Brazil neighbors limit travel to halt virus strain’s spread

Brazil neighbors limit travel to halt virus strain's spread

Brazil’s neighbors are starting to restrict international travel amid concern about the spread of a new coronavirus variant that experts say may be more contagious and driving a second wave of infections.

Guyana’s government closed its border with South America’s largest country on Friday, two days after Colombia halted passenger flights to and from Brazil; both nations cited the new variant as their reason. Argentina’s government decided to cut in half the number of flights to Brazil starting Feb. 1, according to a Jan. 27 report in state news agency Telam. And Peru on Jan. 26 banned air traffic from Brazil; the governor of Peru’s Loreto department bordering Brazil called on the government to shut down land crossings, too.

The clampdown comes as Manaus, the Amazon rainforest’s largest city and the site of the variant’s outbreak, suffers a brutal second wave of infections. Overrun hospitals watched this month as their oxygen stocks were depleted, causing dozens of patients to die of asphyxiation. The government has scrambled to replenish supplies with an ad hoc plan, but the situation remains touch-and-go and family members of patients are still seeking cannisters of oxygen on their own, albeit fewer than earlier this month.

There has been speculation Manaus may be merely the first city devastated by this new strain. Other cities in Brazil’s Amazon region have been crushed since, including Porto Velho, capital of neighboring Rondonia state. Like Manaus, Porto Velho has begun airlifting patients to hospitals out of state. Brazil’s former health minister Luiz Henrique Mandetta told newspaper O Globo on Thursday that the new strain could cause a “mega-epidemic” across Brazil within 60 days.

Alarm is growing, but the science has yet to catch up. Viruses are constantly mutating, and new versions—called variants—often emerge, almost all of which are no more perilous than their prior iterations.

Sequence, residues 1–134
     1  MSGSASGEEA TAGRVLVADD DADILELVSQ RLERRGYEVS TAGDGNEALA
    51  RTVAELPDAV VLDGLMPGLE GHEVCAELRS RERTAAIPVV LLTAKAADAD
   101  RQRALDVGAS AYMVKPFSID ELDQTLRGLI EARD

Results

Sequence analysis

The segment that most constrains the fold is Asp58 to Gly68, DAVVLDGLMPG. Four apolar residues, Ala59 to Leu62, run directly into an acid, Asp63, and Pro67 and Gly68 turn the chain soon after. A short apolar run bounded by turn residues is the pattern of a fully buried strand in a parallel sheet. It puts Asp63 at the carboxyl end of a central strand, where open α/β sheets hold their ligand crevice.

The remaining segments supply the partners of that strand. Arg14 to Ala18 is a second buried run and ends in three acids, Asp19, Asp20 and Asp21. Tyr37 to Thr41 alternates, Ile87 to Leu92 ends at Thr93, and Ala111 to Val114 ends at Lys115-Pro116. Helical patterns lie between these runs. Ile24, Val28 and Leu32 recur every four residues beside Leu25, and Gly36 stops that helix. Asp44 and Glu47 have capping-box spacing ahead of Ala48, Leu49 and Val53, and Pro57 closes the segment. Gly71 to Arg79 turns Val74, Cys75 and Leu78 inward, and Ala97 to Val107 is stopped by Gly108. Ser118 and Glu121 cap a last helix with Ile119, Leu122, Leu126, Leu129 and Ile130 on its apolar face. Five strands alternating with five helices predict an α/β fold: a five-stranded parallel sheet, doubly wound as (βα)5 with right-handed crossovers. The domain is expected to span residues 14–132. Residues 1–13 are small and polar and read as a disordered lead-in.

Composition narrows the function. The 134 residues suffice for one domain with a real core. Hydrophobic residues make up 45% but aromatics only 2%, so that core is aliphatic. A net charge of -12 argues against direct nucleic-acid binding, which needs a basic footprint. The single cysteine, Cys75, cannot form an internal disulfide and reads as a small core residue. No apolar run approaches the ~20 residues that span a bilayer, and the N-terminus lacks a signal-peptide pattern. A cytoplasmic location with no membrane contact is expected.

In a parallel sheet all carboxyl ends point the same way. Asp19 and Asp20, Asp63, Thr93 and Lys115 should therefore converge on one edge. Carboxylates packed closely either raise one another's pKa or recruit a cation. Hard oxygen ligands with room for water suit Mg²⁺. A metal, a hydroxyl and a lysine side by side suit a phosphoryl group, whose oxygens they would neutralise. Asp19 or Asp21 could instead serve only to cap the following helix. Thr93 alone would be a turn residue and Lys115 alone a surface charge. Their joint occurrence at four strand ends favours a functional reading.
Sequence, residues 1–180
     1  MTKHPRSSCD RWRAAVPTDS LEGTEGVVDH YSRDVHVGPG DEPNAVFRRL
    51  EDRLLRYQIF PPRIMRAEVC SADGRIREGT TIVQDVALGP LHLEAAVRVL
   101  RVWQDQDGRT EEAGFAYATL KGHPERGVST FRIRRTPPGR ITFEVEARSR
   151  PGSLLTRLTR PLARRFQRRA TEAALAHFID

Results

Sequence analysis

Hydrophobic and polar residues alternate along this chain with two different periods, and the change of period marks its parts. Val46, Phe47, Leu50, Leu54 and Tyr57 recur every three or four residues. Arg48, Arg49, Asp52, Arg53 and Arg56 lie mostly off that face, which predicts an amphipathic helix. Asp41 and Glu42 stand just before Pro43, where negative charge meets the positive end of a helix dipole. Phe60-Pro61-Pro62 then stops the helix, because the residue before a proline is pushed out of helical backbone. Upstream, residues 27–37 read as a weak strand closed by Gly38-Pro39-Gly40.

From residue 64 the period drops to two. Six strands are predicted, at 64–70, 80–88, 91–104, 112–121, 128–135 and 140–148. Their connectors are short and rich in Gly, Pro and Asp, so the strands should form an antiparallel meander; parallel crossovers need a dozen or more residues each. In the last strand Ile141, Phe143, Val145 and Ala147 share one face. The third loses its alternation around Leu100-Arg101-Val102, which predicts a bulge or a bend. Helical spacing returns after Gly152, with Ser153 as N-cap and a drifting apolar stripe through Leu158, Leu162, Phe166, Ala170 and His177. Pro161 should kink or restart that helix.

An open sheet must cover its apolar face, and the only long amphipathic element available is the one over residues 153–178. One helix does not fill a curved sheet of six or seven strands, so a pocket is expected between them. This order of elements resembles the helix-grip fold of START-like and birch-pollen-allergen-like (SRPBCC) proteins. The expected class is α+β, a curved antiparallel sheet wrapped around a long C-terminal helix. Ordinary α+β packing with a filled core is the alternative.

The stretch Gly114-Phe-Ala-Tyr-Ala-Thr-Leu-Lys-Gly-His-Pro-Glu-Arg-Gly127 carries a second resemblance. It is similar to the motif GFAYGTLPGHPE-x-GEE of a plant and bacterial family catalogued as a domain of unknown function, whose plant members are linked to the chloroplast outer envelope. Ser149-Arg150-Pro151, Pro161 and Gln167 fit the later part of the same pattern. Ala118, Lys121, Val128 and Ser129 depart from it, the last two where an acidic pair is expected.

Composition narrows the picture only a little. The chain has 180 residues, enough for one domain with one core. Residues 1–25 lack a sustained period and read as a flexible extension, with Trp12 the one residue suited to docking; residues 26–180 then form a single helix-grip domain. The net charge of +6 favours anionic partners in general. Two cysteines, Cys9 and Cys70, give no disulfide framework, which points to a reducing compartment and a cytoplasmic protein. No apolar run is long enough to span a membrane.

The Brazilian variant was first identified in four travelers who had been in Brazil and were tested at an airport outside Tokyo, Japan. It has also been found in a patient who lives in the Minneapolis-St. Paul area, the Minnesota Department of Health said in a statement this week. It contains a set of mutations that may affect its ability to be recognized by antibodies, according to the U.S. Centers for Disease Control and Prevention. Health officials are also worried about variants that were first reported in the United Kingdom and South Africa.

Felipe Naveca, a researcher at the state-owned Fiocruz Amazonia institute in Manaus, said in an interview with The Associated Press this week that the new strain accounted for two-thirds of 90 samples taken between December and mid-January. Of those taken in January alone, the new strain comprised 91%. Naveca said it appears that the variant is more transmissible, based on the frequency with which it has been found, and indications from the U.K. and South African variants that had similar mutations.

Most samples his laboratory analyzed came from Manaus, but the new strain was also found in cities deeper within the Amazon, including Sao Gabriel Cachoeira on the Colombian border.

Sylvain Aldighieri, deputy director of The Pan American Health Organization’s health emergencies department, said it remains too early to determine whether the variant is accelerating the virus’ spread and that more genetic sequencing is needed. Still, he called on governments to remain vigilant.

Speaking in an interview with the AP on Friday, Guyana’s Health Minister Frank Anthony said local private laboratories have already said they are equipped to test for any new strains. The initial 30-day suspension comes with stepped-up border patrols by soldiers and police.

“We have no evidence yet that the new strain of the COVID-19 virus is here, but we are just being cautious,” he said.

Anthony acknowledged that the 1,606-kilometer (1,000-mile) border is practically impossible to patrol. Thousands of Guyanese and Brazilians use the official Takatu River Bridge to cross into Guyana daily, while others simply hop across several other small rivers separating the two South American nations to trade, visit with relatives or to work. Many from each country live in one country and work in the other so crossings are normal for many.

Officials in Bolivia and Venezuela, which share two of Brazil’s three longest borders, haven’t announced any recent changes to restrictions.

Jose Gregorio Díaz Mirabal, general coordinator of the Indigenous Organizations of the Amazon Basin, this week warned that an effective barrier hasn’t been implemented.

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